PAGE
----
4. You increase the risk of psychiatric diseases

Social Anxiety And Negative Thoughts

Most negative thoughts are self-defeating, irrational, and may help increase your social anxiety.

It’s been shown that people with social anxiety have an increased negative thinking thought process.

If you have social anxiety, you may think people may make fun of you, you aren’t good enough, and you have strong negative feelings about yourself. 

These thoughts and feelings about yourself are only holding you back.

Why We Call Automatic Negative Thoughts ANTS

I have mentioned in earlier posts, Dr. Aaron Beck. Dr. Beck is a psychiatrist and is the founder of cognitive-behavioral therapy.

Beck had been working with patients who had depression and noticed his patients had negative thoughts during their treatment.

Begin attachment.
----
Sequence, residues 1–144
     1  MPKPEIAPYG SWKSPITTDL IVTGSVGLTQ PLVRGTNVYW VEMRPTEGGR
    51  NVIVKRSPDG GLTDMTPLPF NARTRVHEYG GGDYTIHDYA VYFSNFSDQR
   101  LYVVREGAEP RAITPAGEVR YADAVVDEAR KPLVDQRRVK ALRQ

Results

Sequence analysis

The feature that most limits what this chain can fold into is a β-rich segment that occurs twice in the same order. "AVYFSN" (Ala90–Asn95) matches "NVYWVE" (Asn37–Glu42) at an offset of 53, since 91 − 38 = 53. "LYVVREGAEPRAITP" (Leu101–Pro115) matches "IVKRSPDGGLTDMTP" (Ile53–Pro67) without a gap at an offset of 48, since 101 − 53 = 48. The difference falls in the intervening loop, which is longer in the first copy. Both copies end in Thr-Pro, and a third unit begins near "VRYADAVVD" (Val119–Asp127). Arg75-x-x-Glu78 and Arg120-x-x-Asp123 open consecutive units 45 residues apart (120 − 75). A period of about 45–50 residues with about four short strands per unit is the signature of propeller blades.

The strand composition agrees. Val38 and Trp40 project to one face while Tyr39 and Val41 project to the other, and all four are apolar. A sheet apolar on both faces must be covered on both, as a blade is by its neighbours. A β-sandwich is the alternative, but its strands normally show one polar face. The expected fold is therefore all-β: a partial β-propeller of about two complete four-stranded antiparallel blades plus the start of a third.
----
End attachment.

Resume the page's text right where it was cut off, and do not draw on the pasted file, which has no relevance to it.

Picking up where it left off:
He found the automatic negative thoughts like “I’m no good,” and the like affected their mental health and went along with their depression.

To make it easier to remember, Beck gave the acronym of ANTs for automatic negative thoughts.

A very popular psychiatrist and best selling author named Dr. Daniel Amen helped popularize the term in his book Change Your Brain, Change Your Body.

Dr. Aaron Beck’s Cognitive Triad

According to Beck,

“[the] cognitive triad consists of three major cognitive patterns that induce the patient to regard himself, his future, and his experiences in an idiosyncratic manner” (1979).

Dr. Beck’s cognitive triad shows that depressed people automatically have negative views of themselves, their experience, and what correlates to their future.

This cognitive model shows, ” the other signs and symptoms of the depressive syndrome” are consequences of the activation of the negative cognitive patterns” (Beck 1979)

Dr. Beck found that a depressed person “tends to perceive his present, his future, and the outside world in a negative way.” The cognitive triad.

How To Stop ANTs Automatic Negative Thoughts